Lasers for Battery Cell Assembly

How latest developments in laser welding improve weld quality while still maximizing throughput speed and yield

Jeff Franks

As the global push for sustainable transportation gains momentum, the spotlight increasingly falls on battery technology – both its potential and its challenges. The transition to electric vehicles hinges on the ability to produce batteries that are not only powerful and long-lasting, but also environmentally sustainable and economically viable.

These goals often create conflicting sets of demands that manifest themselves in every phase of battery production – from sourcing of raw materials, through fabricating battery components, to assembling them into finished cells. Precision joining, which is required at several points in battery manufacturing, is no exception.

Specifically, manufacturers are tasked with developing joining methods that ensure robust, reliable connections while mitigating the risk of damage to sensitive components. These challenges are compounded by the need for scalability as the demand for electric vehicles continues to surge.

Thus, developing innovative solutions for precision joining can both streamline manufacturing processes and contribute significantly to the overall sustainability of the e‑mobility ecosystem. This makes improving this technology a critical step in advancing the global transition to greener transportation options.

This article explores the latest developments in laser welding as they apply to battery production. The specific focus is on cell manufacturing because this presents some of the greatest challenges in terms of balancing weld quality (often on thin and delicate materials) while still maximizing throughput speed and yields.

The Joining Challenge

In battery cell production –- whether cylindrical, pouch, or prismatic – welding tasks are central to assembling and sealing components and ensuring electrical connectivity and package integrity. These tasks encompass joining dissimilar materials, creating hermetic seals, and establishing connections with minimal heat impact to preserve sensitive internals.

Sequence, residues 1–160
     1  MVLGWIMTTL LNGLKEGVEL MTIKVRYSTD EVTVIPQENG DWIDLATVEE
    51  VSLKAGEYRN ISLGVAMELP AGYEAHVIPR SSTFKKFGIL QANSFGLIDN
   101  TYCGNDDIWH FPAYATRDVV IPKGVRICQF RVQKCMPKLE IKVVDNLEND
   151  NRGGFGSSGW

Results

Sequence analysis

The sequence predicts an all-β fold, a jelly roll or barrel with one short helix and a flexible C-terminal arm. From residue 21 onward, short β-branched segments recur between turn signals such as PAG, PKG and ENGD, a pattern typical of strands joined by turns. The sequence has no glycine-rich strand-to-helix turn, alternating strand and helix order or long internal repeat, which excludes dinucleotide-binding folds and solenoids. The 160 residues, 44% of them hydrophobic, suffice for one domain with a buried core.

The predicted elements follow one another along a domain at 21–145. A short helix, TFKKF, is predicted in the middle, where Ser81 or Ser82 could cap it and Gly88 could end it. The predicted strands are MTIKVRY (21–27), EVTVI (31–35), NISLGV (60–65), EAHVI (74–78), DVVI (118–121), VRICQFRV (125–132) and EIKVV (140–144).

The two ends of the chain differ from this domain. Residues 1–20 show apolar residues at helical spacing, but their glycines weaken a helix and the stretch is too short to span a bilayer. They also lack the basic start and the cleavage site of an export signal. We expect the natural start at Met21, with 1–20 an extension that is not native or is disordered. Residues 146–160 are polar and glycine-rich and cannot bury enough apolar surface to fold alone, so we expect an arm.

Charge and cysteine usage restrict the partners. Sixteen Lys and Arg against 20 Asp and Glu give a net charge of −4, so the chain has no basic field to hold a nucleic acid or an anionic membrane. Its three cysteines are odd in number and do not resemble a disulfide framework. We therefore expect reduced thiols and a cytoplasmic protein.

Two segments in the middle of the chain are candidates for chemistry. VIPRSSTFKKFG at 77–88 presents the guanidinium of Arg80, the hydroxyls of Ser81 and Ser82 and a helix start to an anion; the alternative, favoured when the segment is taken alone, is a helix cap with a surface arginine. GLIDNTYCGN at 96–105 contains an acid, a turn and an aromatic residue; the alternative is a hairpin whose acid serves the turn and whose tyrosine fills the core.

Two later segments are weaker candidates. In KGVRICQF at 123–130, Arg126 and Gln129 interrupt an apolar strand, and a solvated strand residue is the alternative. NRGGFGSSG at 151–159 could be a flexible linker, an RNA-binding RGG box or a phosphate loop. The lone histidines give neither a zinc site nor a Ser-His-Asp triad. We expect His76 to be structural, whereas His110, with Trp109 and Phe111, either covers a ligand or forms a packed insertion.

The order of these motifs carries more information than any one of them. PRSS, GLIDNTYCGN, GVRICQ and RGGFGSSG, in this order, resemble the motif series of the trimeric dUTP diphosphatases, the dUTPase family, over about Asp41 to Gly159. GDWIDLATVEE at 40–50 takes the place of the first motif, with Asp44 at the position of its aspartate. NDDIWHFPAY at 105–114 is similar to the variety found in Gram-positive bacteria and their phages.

Non-laser technologies for battery cell joining include ultrasonic welding, resistance welding, and mechanical fastening. Ultrasonic welding uses high-frequency vibrations to join materials without melting. While it is well-suited to thin foils, it is ultimately limited by bond strength and scalability.

Resistance welding, effective for spot joins, struggles with consistency and heat control, potentially damaging sensitive components. Mechanical fastening offers simplicity but lacks the electrical continuity and hermetic seals crucial for battery cells, posing challenges in achieving compact and reliable assemblies.

Even laser-based welding methods have presented limitations. For example, traditional lasers often produce a beam that can’t readily adapt to the variable absorption characteristics of different materials or master the nuances of thin foil welding. This lack of control can result in inconsistent welds, thermal damage to the battery cells, and compromised structural integrity. These highlight the need for advanced laser technology that offers greater precision and adaptability in energy distribution.

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Fiber laser welding is frequently employed at several steps in battery cell production, including jelly roll fabrication, joining current collector to jelly roll, tab welding, and can/cap welding. These usually involve copper, aluminum, and steel.

Enter Ring Mode Lasers

Laser manufacturers have developed a variety of new technologies to address the deficiencies of prior laser and non-laser joining methods. They have targeted creating methods that yield minimal heat affected zone, accurate penetration depth control, low or zero spatter, and high process speed (typically welding somewhere in the 200 – 500 m/sec range).

In some cases, one particular approach has been used to address the requirements of an individual process – such as the use of green wavelength lasers for welding copper (to overcome the low absorption of this material with infrared sources). But there really hasn’t been a single joining technology that could perform well on every single process.